(PET HEALTH) A recent study has shown that stress doesn’t only negatively affect people, but that it can cause healthy cats to act sick, and sick cats to act healthy. Make life a little less stressful for your cat, and you, by finding out what can stress out a cat. — Global Animal
LA Times, Sue Manning
LOS ANGELES — It’s not just people who get sick from stress.
A recent Ohio State University study found that healthy cats show signs of illness when stressed.
At the same time, cats diagnosed with feline interstitial cystitis became healthier when stress levels were reduced, the study showed.
Twelve of 32 cats in the three-year study were healthy and 20 had FIC, a chronic pain syndrome that affects the cat’s bladder.
Lower urinary tract diseases occur in about 1.5% of house cats, the researchers said, and a lot of pet owners can’t stand the messes that come with it, so millions of sick cats are euthanized or turned over to shelters every year.
The owners of the sick cats had all decided to have their pets euthanized, but agreed to let them take part in the study at Ohio State first.
Doctoral candidate Judi Stella; Tony Buffington, a professor of veterinary clinical sciences; and Linda Lord, an assistant professor in the school’s Department of Veterinary Preventive Medicine, observed the colony of neutered and spayed cats at the university’s research lab.
Stella spent the first part of the study trying to make every aspect of each cat’s life the same — their cages, litter boxes, food, music, toys, time spent with the other cats and time spent with her and a caretaker.
“I had to be careful if I was having a bad day,” she said, so it didn’t rub off on the cats.
“This study shows that an enriched environment — one that includes hiding areas, toys, bedding and other physical features, plus an everyday routine including a consistent caregiver, feeding and play times — reduces or altogether prevents some common signs of feline sickness such as decreased appetite, vomiting or eliminating outside of their litter boxes. The significance is that minimizing stress can decrease illness,” said veterinarian and feline expert Jane Brunt, a member of the CATalyst Council, Inc. in Timonium, Md., and owner of Cat Hospital at Towson for over 20 years.
The study, funded by the National Institutes of Health, was published in the Jan. 1 issue of the Journal of the American Veterinary Medical Assn.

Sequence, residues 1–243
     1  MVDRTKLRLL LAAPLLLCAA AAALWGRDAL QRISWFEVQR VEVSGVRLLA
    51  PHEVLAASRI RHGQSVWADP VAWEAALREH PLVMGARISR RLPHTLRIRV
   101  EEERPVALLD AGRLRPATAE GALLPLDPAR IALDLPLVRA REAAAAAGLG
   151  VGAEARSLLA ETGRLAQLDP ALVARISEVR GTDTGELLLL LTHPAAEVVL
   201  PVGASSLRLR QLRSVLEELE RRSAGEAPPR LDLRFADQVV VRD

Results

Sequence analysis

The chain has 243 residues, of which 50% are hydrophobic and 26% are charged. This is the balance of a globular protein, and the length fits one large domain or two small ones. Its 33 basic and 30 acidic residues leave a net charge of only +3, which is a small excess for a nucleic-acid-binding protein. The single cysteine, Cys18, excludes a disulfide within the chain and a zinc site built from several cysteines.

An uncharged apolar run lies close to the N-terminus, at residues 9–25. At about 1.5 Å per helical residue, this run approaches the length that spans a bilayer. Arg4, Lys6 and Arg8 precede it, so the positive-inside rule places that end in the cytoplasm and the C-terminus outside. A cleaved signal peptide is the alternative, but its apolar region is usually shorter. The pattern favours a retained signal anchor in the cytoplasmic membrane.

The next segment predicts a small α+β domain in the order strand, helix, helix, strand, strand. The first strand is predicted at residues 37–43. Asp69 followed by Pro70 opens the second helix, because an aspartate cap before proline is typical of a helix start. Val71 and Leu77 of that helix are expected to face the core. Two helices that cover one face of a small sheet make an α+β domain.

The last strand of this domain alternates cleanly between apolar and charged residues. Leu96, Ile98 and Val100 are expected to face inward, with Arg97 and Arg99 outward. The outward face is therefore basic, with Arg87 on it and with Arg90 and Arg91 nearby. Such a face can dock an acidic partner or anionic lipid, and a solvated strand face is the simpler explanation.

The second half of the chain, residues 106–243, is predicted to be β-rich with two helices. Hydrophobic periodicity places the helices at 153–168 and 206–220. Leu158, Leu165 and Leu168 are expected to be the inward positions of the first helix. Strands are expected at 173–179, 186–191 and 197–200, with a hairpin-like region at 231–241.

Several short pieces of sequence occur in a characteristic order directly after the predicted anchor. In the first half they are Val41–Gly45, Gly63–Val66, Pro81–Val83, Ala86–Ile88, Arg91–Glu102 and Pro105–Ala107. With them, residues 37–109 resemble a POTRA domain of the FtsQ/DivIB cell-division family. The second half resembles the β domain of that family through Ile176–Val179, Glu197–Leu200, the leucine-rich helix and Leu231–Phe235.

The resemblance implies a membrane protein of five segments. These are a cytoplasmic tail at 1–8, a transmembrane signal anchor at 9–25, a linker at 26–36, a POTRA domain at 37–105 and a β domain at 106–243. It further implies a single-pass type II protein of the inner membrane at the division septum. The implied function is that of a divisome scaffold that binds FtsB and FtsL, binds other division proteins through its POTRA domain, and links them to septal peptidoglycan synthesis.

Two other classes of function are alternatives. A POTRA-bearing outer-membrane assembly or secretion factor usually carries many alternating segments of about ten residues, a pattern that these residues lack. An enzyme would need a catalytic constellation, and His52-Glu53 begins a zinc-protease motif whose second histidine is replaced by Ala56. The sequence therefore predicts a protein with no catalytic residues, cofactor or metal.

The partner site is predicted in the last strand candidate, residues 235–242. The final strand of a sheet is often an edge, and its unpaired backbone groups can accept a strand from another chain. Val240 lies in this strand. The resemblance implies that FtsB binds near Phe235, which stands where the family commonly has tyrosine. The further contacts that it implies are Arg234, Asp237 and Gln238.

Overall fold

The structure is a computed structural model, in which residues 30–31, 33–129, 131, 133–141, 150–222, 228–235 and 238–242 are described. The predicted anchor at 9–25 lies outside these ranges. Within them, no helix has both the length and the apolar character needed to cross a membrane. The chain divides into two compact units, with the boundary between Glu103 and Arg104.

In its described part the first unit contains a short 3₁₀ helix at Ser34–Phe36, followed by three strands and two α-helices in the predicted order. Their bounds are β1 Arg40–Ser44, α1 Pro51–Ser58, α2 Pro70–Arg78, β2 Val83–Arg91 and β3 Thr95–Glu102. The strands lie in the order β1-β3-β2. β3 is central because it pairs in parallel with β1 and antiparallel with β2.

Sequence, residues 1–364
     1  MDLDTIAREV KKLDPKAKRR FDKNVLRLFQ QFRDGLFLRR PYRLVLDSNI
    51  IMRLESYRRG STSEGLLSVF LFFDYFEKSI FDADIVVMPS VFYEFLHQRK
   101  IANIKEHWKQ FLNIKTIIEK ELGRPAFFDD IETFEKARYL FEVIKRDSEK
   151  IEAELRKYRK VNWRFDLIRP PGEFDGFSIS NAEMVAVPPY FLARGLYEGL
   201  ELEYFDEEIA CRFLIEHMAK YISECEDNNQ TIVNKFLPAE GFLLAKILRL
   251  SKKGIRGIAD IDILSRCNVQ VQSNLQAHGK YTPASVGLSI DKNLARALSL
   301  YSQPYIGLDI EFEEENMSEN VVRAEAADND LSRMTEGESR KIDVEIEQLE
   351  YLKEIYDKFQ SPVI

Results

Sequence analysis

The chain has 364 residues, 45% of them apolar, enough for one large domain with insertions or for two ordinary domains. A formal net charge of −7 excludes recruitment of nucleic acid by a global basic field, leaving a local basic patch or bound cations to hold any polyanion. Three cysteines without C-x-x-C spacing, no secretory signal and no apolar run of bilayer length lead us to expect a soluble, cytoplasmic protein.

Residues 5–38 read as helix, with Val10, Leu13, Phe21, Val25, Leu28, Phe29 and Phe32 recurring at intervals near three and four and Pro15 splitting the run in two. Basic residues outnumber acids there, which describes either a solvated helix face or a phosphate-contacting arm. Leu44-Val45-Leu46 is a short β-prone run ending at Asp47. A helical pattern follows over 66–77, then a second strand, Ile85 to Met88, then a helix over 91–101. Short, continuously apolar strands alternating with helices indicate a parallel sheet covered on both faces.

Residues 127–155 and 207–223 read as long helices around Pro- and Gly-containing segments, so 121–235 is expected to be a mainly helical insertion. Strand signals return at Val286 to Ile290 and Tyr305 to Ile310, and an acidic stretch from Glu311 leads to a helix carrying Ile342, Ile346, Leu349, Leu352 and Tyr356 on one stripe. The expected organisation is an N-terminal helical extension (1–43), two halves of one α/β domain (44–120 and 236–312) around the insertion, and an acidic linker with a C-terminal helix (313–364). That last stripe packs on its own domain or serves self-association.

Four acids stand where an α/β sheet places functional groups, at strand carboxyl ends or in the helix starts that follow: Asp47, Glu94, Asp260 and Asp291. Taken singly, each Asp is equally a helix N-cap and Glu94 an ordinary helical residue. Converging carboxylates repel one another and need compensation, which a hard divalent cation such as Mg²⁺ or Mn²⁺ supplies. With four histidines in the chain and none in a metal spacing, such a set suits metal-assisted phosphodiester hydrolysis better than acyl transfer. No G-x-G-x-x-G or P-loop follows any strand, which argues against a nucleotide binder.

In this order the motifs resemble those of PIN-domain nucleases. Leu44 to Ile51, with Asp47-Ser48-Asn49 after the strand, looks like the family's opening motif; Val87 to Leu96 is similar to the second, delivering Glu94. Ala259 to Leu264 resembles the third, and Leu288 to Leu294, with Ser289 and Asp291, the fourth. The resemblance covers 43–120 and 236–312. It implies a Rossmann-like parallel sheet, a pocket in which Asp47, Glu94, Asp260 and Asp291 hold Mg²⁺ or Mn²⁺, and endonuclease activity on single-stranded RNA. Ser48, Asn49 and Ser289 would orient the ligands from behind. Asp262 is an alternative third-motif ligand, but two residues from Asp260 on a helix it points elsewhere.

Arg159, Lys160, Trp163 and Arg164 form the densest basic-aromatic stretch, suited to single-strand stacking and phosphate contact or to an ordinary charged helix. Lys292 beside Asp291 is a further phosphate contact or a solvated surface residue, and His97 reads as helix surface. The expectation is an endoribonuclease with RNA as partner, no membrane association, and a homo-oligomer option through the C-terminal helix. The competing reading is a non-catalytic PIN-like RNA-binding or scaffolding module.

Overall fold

Human diseases similar to interstitial cystitis include irritable bowel syndrome and fibromyalgia, said Buffington, who also works with stress researchers at UCLA’s Center for Neurobiology of Stress.
When the cats were sick or stressed, they would vomit, urinate or defecate outside the litter box and eat less, the Ohio State researchers said.
Stress to a cat might be nothing more than unwanted attention, a dirty litter box or a strange noise, Stella said.
During stress-free times, both healthy and affected cats got sick less than once a week.
During weeks when routines were altered, causing stress, the healthy cats got sick about 1.9 times a week and the others twice a week, nearly tripling the risk for sickness in all the cats. Levels returned to normal when the stress passed, Buffington said.
For now, the researchers hope cat owners and vets will look at a sick cat’s environment before opting for euthanasia.
“Cats are not a pack species. They are not used to living in large groups. Their two primary predators are larger carnivores and primates, and so who do they live with? Dogs and people. It can be tough being a cat,” Buffington said.
Research conducted by Buffington in 2006 found similar health improvements when cat owners enriched home environments for their pets.
“Cat owners can be educated about managing and maintaining an enriched environment,” Brunt said. “Several parallel human studies are corroborated by this and other feline studies, indicating that stress and disease are linked.”